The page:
Horse's Hoof Clam (species: Hippopus hippopus) in taxonomy (Lizard Island Field Guide)
Hippopus hippopus
Horse's Hoof Clam

©Andy Lewis: An adult Hippopus hippopus at Watson's Bay, in the brown colouration

©Andy Lewis: An adult Hippopus hippopus at Watson's Bay, in the green colouration

©Andy Lewis: A juvenile Hippopus hippopus at Watson's Bay, in the brown colouration
Kingdom Animalia
Phylum Mollusca
Class Bivalvia
Order Veneroida
Family Cardiidae
Genus Hippopus
Species Hippopus hippopus



Distinguishing features

This species has an angular, heavy shell with numerous radial ribs. The animal is attached to the benthos by the byssal threads when small, however it does not embed in the substratum. Large specimens are not attached. The mantle does not extend out over the edge of the shell, and mantle colour is relatively subdued, being either greenish or light brown around Lizard Island, with fine white lines. Distinguish from other species of Tridacna by the large number of radial ribs on the shell, and the non-extensible mantle.


  • Up to 41 cm (Length of specimen)



©Atlas of Living Australia: Australian distribution

Distribution and habitat preferences

Found in most habitats, but most abundant in shallow, sheltered lagoonal and reef flat habitats.

Found in most shallow habitats around Lizard Island, and extends down to about 4m.


Like other Tridacnid clams, this species is a hermaphrodite, with the male testes forming first at about 4 years of age, followed by the female ovaries a year or so later. Tridacnid clams spawn in the warm summer months between October and February, usually during neap tides when water movement is minimal. This allows enough time for adequate mixing of the gametes. H. hippopus has been found to have a longer spawning season than some of the smaller species of Tridacna. Spermatozoa are usually released first, with eggs only released if the animal detects the presence of sperm from a conspecific clam in the water column. Hence, reproduction is most successful when the animals are located in natural clusters. Eggs are only 100µ���������������m (1/10th of a mm) in diameter, and several million are released by each clam during a spawning event. Fertilisation is external, and a trochophore larvae hatches after about 12 hours. A bivalved veliger larvae develops after 48 hours, with a shell length of 160µ���������������m. This stage feeds on plankton and continues to swim in the water column, although it periodically ventures down to assess the conditions on the benthos. The veliger larvae settle permanently to the substratum at about 9 days of age and about 200µ���������������m, and the juvenile clams may reach 20-40mm shell length after their first year. Growth accelerates after this point, however mortality in the first few years is very high, with predation by fishes and crabs being a major factor.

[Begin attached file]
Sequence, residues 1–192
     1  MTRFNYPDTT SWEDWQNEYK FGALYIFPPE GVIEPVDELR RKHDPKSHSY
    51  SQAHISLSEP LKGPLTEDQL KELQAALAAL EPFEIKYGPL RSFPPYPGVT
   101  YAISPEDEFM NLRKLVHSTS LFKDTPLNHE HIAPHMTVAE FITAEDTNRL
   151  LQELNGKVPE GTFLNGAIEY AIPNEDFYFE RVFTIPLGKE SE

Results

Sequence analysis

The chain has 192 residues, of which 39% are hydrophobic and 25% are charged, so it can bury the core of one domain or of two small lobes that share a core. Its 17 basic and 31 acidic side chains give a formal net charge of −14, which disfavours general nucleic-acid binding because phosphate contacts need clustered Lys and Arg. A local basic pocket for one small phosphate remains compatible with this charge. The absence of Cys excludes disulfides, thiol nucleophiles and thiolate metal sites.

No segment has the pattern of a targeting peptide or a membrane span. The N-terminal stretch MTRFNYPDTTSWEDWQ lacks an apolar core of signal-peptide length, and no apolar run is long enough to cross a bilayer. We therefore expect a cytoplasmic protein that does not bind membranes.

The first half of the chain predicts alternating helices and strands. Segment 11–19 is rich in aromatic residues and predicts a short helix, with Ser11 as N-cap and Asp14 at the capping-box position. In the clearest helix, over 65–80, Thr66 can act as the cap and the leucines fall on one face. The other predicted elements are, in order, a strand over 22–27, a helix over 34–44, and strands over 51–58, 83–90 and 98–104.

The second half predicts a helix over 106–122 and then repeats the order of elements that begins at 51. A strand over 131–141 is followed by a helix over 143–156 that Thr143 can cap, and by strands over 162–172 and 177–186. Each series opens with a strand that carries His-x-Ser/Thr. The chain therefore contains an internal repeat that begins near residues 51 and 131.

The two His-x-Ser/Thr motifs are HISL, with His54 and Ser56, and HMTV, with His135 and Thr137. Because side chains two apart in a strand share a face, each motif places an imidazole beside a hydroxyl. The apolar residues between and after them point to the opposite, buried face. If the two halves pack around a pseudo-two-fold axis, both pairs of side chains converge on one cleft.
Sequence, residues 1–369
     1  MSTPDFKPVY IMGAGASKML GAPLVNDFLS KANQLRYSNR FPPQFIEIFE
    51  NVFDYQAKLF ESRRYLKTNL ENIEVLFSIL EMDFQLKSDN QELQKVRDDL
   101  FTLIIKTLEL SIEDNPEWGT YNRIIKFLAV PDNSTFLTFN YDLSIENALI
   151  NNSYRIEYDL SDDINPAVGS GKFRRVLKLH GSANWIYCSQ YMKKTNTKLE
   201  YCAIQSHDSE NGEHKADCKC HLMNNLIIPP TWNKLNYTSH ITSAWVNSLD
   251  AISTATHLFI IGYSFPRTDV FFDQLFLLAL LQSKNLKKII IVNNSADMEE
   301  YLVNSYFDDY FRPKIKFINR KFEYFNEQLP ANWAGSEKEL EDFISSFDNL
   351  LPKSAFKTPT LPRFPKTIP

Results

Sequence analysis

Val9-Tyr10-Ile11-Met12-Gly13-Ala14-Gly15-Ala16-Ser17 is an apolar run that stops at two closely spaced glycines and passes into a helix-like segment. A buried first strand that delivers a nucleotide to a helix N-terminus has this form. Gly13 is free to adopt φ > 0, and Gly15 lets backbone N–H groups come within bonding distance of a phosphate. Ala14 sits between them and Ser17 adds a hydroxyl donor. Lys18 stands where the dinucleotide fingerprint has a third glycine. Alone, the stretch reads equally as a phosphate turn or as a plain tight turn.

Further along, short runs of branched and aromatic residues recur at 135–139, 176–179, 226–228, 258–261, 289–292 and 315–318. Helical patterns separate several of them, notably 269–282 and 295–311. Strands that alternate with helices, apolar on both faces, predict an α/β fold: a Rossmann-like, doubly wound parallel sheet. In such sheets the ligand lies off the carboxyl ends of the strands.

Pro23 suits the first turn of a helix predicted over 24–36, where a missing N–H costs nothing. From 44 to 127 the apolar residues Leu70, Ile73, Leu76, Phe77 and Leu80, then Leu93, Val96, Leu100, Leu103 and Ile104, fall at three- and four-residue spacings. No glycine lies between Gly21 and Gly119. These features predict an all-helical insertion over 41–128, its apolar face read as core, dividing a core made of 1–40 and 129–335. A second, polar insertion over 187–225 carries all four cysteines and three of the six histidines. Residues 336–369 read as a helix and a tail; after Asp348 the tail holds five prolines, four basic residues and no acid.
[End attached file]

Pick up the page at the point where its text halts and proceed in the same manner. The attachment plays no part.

Tridacnid clams obtain over 95% of their food requirements from the sugars produced by the symbiotic dinoflagellate algae (zooxanthellae) that inhabit the outer mantle tissue. Juvenile clams acquire the zooxanthellae directly from the water column at the time of settlement, and the algae live in tubules that are tertiary extensions of the gut and extend throughout the mantle tissue. Like hard corals, Tridacnid clams may bleach and lose most of their zooxanthellae after high temperature stress. Recent research shows that tridacnid clams may have several different strains of symbionts present simultaneously in the mantle tissue, a situation not generally seen in hermatypic hard corals.

Web resources


  • Alder, J. and R.D. Braley (1988). Mass mortalities of giant clams on the Great Barrier Reef (abstract only), ACIAR Monograph Series, 9: 230. LIRS catalog number 910.
  • Alder, J. and R. Braley (1989). Serious mortality in populations of giant clams on reefs surrounding Lizard Island, Great Barrier Reef, Australian Journal of Marine and Freshwater Research, 40: 205-213. LIRS catalog number 262.
  • Belda-Baillie, C.A., M. Sisona, V. Silvestrea, K. Villamora, V. Monjea, E.D. Gomez and B.K. Baillie (1999). Evidence for changing symbiotic algae in juvenile tridacnids, Journal of Experimental Marine Biology and Ecology, 241: 207-221.
  • View all references